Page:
Anglian Water Services Ltd has been ordered to pay almost £55,000 for seriously polluting the river Crouch in Essex, killing hundreds of fish.
The company was fined £27,000 plus £27,837 costs at Basildon crown court on 22 July. It had pleaded guilty to polluting controlled waters, contrary to sections 85(1) and (6) of the Water Resources Act 1991.
On the 17 August 2009, Anglian’s Long Meadow Drive pumping station in Wickford, near Basildon, suffered an “unpredictable and temporary fluctuation in the electricity supply,” according to the company.
This caused the pumps and alarms to turn off. The court heard that the company could not explain why this happened. Anglian's records showed that two alarms were alternately failing and clearing on the morning of the incident, but other alarms had not been triggered. A high-level sensor had also been turned off by the power fluctuation.
The company learned of the discharge from the Environment Agency, which was informed by members of the public. The failures resulted in raw sewage flowing out of the pumping station and into the river, turning it grey and polluting it for at least two kilometres.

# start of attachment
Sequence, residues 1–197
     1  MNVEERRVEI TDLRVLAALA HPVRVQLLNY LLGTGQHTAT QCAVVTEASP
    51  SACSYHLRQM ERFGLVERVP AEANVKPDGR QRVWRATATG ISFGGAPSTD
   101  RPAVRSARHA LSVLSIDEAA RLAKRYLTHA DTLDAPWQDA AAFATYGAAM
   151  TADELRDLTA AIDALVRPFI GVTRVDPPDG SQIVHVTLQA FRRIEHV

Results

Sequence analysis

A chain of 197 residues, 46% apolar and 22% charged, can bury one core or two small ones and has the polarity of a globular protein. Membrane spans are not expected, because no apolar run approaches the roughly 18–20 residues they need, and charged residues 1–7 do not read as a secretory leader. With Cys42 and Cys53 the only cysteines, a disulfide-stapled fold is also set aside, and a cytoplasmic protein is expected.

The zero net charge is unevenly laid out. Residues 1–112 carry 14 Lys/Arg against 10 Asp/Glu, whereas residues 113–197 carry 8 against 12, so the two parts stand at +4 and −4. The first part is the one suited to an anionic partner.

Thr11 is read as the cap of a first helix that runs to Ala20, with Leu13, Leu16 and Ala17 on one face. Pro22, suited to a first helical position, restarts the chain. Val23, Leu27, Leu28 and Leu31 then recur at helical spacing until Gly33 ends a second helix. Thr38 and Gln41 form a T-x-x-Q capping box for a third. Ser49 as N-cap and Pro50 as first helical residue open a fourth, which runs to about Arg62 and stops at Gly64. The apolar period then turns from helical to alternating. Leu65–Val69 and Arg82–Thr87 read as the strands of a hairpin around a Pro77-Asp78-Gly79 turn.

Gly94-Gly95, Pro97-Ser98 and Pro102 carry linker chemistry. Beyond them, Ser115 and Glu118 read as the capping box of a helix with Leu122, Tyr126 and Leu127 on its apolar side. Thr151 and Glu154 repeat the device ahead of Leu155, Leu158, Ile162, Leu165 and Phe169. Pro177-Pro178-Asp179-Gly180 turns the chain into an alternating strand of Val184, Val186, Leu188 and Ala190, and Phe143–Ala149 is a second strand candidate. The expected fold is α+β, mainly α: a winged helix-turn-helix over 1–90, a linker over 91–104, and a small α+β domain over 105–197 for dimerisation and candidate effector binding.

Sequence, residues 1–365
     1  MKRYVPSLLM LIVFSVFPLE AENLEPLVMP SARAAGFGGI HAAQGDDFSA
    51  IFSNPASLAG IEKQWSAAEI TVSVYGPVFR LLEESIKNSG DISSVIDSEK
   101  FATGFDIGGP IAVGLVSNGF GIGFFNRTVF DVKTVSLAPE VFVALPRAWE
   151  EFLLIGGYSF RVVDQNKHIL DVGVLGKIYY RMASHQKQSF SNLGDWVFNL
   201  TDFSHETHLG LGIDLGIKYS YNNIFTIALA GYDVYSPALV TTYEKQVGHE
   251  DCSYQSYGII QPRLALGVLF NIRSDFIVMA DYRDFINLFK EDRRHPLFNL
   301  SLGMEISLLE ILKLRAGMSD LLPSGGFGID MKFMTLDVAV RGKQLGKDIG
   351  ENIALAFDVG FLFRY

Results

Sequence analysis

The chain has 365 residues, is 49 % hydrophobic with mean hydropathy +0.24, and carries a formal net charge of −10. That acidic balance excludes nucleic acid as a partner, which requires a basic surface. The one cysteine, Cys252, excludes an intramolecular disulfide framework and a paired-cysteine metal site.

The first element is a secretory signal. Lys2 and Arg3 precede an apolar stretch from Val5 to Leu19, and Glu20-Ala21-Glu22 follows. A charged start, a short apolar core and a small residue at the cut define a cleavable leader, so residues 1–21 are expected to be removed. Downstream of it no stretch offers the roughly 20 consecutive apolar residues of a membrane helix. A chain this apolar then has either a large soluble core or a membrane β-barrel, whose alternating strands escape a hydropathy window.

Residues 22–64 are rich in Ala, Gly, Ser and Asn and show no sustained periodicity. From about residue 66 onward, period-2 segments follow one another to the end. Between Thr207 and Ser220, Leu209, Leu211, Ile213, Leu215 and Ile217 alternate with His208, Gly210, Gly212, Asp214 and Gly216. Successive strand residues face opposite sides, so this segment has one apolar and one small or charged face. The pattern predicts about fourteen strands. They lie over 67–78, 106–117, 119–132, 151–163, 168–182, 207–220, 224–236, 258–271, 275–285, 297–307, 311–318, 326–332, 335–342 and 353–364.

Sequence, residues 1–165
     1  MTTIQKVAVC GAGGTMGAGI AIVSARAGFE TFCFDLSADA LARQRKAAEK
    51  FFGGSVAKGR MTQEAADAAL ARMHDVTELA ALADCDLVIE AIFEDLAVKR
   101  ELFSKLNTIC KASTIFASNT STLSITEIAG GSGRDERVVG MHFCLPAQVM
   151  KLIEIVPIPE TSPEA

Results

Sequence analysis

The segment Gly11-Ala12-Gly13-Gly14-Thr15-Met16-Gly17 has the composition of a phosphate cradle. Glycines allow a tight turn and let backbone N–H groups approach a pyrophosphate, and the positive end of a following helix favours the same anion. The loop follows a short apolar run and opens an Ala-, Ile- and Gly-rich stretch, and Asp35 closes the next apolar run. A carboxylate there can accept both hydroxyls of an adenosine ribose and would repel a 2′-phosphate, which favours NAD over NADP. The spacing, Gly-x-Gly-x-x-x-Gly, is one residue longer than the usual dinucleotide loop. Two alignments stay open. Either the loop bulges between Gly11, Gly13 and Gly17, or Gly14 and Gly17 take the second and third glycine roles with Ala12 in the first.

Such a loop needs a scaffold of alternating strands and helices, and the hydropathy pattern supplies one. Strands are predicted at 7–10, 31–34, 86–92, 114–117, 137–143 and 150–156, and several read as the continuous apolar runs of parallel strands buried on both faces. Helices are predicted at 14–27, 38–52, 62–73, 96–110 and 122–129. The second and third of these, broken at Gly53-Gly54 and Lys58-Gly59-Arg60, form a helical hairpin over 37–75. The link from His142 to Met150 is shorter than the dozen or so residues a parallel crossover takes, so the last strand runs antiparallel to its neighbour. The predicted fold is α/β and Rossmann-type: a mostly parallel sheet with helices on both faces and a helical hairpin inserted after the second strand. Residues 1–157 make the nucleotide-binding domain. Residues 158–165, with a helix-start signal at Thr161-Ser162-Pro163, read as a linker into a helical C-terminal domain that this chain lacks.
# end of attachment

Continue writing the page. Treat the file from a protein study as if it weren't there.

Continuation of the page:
More than 650 adult fish were killed, including 187 eels – a protected species.
After the hearing, agency officer David Free said the discharge “was one of the most serious types of incidents we deal with, causing a major impact on the fish and invertebrate populations in the river".
Anglian Water told ENDS the pumping station has now been fitted with “custom-built detection equipment” to warn of future problems. The site will also trial next-generation alarm systems that the company will fit across its sewerage network.
Anglian has also offered to pay the agency to monitor fish populations for five years, and to restore and possibly restock the river.